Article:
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Does It Really Matter What You Are Testing?

Rajini Padmanaban
Rajini Padmanaban
Director, QA Infotech
As Director of Engagement, Rajini Padmanaban leads the engagement and relationship management for... more>>
The testing profession has come a long way in the last decade in gaining parity with its development counterparts be it in terms of opportunities, professional respect, financial compensation etc. However, in my opinion there is still a long road to take to get people, especially those that are fresh to the industry, excited about considering this a challenging profession, without any doubts or second thoughts.

Sometimes, I wonder whether the testing profession does not receive the respect it deserves because people do not understand the importance of the job. I've seen cases where the importance of the job is actually tied with the actual product under test. For example, when the product under test is a web application, the mentality of an on-looker could be, "What if something does not work in the application? It would lead to some frustration amongst the end users. The issue can always be fixed in the next release". On the other hand, if the product under test is a flight software or a medical software, where we know that if something goes wrong, the consequences might be fatal, the attention that the testing discipline gets from everyone involved, is very different. This reaction, while justified to some extent given the extent of damages associated in the latter case, is not fully justified in my opinion.

This is the topic I want to take up for discussion with the Silicon India readers today on "Does it really matter what you are testing". The outlook on quality has been changing over the last decade, primarily driven by the market force of more players / product companies in every domain. No longer is software development a monopolistic space where you have just a few players in every domain. For example, if you were to look at operating systems, Microsoft is not the only dominant player, unlike in the past. You have several other leading commercial players as well as open source players in the mix. This force of increased players and decreasing monopoly has given Quality Assurance a facelift regardless of what product is being tested. While this is from the market side of things, from a tester's standpoint, it is important that testers' view every single software they test as the most important one to be released to give it their best. The tester is the true customer advocate on the product team representing the user's requirements, preferences, challenges and pain points in ensuring the product that is shipped does well in the market place.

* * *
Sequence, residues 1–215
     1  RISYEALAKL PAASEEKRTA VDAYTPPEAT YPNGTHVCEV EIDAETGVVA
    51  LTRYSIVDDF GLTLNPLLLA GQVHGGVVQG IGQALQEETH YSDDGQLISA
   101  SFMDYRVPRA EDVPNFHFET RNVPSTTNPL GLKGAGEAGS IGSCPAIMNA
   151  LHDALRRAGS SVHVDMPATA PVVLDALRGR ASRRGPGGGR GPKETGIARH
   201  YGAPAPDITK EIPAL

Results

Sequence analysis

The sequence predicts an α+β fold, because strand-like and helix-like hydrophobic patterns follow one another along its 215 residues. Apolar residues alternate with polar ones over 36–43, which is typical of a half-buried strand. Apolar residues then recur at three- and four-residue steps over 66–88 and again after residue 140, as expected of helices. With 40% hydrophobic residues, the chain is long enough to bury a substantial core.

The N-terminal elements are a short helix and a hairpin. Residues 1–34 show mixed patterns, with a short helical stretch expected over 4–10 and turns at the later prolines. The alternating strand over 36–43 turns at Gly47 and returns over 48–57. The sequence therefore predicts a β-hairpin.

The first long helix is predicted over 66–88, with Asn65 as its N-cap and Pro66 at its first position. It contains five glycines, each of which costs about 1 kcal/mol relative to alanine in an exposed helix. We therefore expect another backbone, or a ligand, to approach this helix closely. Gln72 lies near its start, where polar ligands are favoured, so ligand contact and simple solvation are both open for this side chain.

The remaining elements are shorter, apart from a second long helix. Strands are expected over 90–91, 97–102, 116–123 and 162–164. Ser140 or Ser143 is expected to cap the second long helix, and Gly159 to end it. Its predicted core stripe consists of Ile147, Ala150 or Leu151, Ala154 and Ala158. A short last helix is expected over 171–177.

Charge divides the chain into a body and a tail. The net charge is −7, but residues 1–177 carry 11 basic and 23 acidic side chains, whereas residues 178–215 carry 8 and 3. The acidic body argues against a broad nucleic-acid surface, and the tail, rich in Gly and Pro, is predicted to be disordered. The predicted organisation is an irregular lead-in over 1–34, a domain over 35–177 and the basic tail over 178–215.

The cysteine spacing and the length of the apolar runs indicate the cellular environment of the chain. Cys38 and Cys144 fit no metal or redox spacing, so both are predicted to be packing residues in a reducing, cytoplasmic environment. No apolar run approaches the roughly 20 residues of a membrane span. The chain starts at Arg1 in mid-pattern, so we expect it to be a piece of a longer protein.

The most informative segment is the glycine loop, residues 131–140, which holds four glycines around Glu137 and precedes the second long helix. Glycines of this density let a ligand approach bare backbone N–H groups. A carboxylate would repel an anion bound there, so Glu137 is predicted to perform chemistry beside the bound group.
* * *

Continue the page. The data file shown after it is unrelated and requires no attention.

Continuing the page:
That said, are we really heading towards a scenario, where everything on the tester's plate is of utmost importance in a given release? This is practically not feasible and not required either. Prioritization is the name of the game in the current day agile world. While I talk about every product receiving its share of importance regardless of its consequences of failure in the marketplace, I am talking about it only from a very high level comparing products across domains and industries. When you take a close look at products within a company, specific features within the same product, areas where resources need to be shared, it is important to prioritize and identify stack ranks, so that efforts are spent in the right areas given the limited amount of time and budget on hand. Let me explain this with an example. A tester working on testing a game cannot be lax on quality because it is just a piece of entertainment to the end user. On the same note, it is perfectly justified for him to say, "Let me focus on the end user facing features of the game more than the administrative modules which are meant for internal use". Such a strategy is in fact a smart one helping tester maximize his resources on test areas that really matter the most from the end user standpoint.

A successful tester is passionate about the quality of any product that is shipped. While he/she may want to build specializations for career progression, for example, testing for banking software, testing for life sciences software, one would never undermine the quality of one product over another. As testers, once we are convinced about this concept, we can work bottoms-up in educating our teams, cross group members, other entities involved about the importance of quality regardless of the product under test and educate them on how they can help/play their role, in improving product quality.

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